As the shift towards responsible living accelerates and consumers expect brands to shoulder the responsibility for improving the world, Wunderman Thompson’s Shaziya Khan says this is the time to do.

The COVID-19 crisis is a tipping point for businesses in “the age of responsible living”. Businesses have to start “doing” – doing more not just for profits but for society at large. Businesses and brands will have to be more careful, responsible and creative – all at the same time in their actions and communication.

Meanwhile, this crisis provides an opportunity for businesses and brands to connect with consumers in a meaningful way. It can also enable connections which will serve businesses well today and in the “next normal”.

How to be more purposeful

If the rise of responsible living was a dot on the radar, that dot has exploded in recent times. Typically, this dot was the small stuff – recycle, reinvent, reuse and reinform were consumer efforts towards “conscious consumption”, dutifully carrying one’s own mug/bottle/straw and cloth bags for shopping and as an eco-fashion statement, building sustainable offices and hosting sustainable conferences.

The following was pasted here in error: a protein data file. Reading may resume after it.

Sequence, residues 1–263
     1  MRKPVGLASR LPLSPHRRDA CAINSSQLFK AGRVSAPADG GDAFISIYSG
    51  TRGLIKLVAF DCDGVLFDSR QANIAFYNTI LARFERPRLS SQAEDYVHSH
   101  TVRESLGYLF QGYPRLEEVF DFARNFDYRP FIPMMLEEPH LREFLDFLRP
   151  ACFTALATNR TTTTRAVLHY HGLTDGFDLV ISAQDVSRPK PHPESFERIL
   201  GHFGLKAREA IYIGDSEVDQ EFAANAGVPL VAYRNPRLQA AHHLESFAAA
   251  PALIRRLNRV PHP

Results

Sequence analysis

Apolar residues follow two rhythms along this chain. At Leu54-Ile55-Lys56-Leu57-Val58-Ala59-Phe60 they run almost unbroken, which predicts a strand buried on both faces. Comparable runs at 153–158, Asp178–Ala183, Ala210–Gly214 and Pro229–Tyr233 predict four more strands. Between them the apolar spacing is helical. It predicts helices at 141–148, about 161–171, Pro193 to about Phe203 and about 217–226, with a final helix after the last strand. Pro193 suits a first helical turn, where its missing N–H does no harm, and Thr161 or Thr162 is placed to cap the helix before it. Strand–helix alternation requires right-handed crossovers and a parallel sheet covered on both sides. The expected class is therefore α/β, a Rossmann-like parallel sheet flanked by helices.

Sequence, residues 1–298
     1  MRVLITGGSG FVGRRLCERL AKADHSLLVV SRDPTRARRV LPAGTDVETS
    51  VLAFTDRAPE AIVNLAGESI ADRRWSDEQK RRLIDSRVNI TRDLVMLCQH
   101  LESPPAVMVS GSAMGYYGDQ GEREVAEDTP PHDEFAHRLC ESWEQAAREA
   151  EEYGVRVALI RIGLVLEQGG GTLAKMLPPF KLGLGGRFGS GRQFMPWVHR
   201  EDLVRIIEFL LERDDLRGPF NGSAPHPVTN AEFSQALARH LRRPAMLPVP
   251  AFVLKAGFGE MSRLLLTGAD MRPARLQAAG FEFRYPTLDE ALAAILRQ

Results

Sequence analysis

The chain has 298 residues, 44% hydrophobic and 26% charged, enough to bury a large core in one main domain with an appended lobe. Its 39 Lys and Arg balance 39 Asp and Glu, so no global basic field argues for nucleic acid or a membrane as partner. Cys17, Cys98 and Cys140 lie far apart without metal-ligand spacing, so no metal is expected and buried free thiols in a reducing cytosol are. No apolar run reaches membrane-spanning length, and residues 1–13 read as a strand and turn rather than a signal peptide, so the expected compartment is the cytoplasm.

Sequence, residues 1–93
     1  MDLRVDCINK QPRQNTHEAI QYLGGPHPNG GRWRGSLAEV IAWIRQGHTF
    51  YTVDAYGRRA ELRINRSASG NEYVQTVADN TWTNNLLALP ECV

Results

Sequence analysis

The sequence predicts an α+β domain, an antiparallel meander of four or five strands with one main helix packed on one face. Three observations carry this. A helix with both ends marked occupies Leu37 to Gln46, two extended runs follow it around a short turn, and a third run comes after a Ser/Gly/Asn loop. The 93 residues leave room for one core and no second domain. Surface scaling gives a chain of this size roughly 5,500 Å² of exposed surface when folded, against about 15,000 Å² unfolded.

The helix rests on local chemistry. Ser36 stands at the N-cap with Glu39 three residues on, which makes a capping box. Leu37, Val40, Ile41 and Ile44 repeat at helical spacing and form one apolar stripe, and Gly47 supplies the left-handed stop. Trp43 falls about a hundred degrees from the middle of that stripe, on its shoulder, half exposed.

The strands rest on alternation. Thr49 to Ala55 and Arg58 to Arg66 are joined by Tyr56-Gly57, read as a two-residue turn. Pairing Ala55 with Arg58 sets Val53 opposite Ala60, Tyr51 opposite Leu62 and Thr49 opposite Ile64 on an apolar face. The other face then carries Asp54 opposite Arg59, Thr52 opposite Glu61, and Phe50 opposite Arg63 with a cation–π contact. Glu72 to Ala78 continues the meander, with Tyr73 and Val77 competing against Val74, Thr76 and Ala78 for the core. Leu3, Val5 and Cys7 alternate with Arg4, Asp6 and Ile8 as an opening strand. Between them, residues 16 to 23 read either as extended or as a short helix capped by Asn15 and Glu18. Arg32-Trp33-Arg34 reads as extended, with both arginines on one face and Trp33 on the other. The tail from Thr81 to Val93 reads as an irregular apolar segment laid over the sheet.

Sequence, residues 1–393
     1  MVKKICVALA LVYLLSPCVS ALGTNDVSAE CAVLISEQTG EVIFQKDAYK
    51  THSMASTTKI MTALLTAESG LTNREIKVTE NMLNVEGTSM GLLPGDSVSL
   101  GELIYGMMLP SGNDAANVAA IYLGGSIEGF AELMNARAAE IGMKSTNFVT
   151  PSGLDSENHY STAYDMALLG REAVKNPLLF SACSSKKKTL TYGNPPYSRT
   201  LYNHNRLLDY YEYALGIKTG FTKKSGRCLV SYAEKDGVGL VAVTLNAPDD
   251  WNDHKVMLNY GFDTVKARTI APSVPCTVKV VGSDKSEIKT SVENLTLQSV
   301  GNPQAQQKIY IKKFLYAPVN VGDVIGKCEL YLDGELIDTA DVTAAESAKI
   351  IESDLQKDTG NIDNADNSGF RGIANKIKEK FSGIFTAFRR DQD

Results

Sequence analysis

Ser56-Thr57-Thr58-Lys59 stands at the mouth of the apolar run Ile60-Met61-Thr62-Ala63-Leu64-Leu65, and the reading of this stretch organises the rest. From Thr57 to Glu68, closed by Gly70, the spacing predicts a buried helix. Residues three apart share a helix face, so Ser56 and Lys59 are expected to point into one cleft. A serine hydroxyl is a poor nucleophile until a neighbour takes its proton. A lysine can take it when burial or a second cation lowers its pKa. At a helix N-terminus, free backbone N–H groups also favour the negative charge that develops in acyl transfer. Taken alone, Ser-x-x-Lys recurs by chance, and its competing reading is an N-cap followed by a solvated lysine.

On a deeper level, there was an agenda being promoted for responsible living by intellectuals, visionaries and experts across ages and the social spectrum. Popular movements by future generations, on one hand, and thought leadership by a few progressive corporates, on the other, made conscious capitalism the thing to do.

Consumers are attitudinally inclined towards responsible living but unfamiliar with the means to do so by themselves (beyond small, everyday conservation measures).

Thus, consumers increasingly expect brands to be responsible, show the way and think beyond profit. Consumers believe that brands should take responsibility for improving the world. Brands that do so are called big picture brands. For consumers, big picture brands connect deeper.

For brands, this is a time for acting, not talking. In effect, “it’s the (circular) economy, stupid”. A circular economy, in contrast to the take-make-dispose model, seeks to rebuild capital, whether financial, human, social or natural. The circular economy is supported by two long-term drivers – connectivity (over half the world’s population, more than three billion people, are connected online) and rapid mobilisation (platforms that make it easier than ever before for voices to be heard). For example,, one of the largest social online platforms, is in more than 196 countries.